Shares of the owner of the Delaware City Refinery surged after its first earnings report as a publicly traded company. The price of PBF Energy shares settled back to $39.33 on Monday, but moved up to $40 on Tuesday.
PBF posted fourth quarter operating income of $284.9 million compared to an operating loss of $165.6 million during the same period a year earlier.
Revenue for the year was $20.1 billion compared to $14 billion a year ago. Revenue in the fourth quarter was $4.95 billion, compared to $4.8 billion a year earlier.
The results led PBF board to increase its dividend above the estimate used in its stock offering materials.
Stock in the company has traded at between $26 and $40 a share since it went public a few months ago.
New Jersey-based PBF owns the Delaware City Refinery, the focal point of the company’s efforts to process crude oil brought in by rail from North Dakota and Canada. Delaware City has traditionally relied on tanker shipments from overseas. PBF says the rail shipments from an area where crude oil sells at a discount give PBF a cost advantage, even with added costs.
Analysts have questioned whether the strategy will work over the long term as new pipelines go into operation, but were reportedly more upbeat after the release of the earnings report.
Adjusted net income for the fourth quarter $165.7 million compared to a loss of $111.7 million for the fourth quarter 2011. The results reflect the conversion of securities into PBF common stock.For the year, operating income was $920.4 million, compared to $305.7 million for the same period in 2011. Adjusted net income for the year was $492.5 million compared to $146.9 million for the corresponding period in 2011.
PBF Energy’s full-year results include a full year of operations of the company’s refineries compared to 2011, which had 12 months of operations of the Paulsboro refinery, ten months of operations of the Toledo refinery and activities to reconfigure and restart the Delaware City refinery.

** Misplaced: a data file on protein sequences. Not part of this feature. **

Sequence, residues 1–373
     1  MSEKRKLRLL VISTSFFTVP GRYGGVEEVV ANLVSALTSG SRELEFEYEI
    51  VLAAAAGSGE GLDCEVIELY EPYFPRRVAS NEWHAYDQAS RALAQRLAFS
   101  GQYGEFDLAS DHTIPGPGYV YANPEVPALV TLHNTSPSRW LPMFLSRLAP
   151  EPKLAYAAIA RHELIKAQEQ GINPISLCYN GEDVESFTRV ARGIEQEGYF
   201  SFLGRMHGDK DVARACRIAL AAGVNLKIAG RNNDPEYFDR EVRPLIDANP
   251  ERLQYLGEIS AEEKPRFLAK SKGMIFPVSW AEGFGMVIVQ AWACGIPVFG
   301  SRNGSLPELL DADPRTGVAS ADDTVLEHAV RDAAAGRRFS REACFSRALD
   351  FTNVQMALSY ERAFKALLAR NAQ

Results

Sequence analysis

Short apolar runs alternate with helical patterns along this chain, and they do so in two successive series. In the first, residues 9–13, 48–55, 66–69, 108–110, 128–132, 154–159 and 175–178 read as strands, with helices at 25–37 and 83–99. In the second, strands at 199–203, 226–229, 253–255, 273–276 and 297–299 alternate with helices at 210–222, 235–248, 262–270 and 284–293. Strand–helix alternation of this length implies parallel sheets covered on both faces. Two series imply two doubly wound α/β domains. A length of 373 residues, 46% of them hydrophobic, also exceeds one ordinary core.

Delaware City went into full operation in the fall of 2011 after a lengthy start-up process that was partially the result of a full shutdown by former owner Valero. PBF bought its first refinery with the help of a financial package that included participation by the State of Delaware.
Tom Nimbley, PBF Energy’s CEO, said, “PBF’s fourth quarter and full year results are reflective of our commitment to safety and our ability to run our refineries reliably and efficiently. During the fourth quarter, we were able to take advantage of positive market conditions and, importantly, we began to realize the initial benefits of our crude-by-rail strategy at our east coast refineries.”
The company’s 70,000 barrel per day track at Delaware City is now in full operation. Initial discharge rates indicate that this facility is capable of operating above its capacity of 70,000 barrels per day, a press release stated.
The board approved the recently announced expansion project to double the company’s heavy crude unloading capability to 80,000 barrels per day by the fourth quarter of this year. Upon completion, PBF Energy will be able to deliver more than 150,000 barrels per day of crude oil directly into the Delaware City refinery via rail.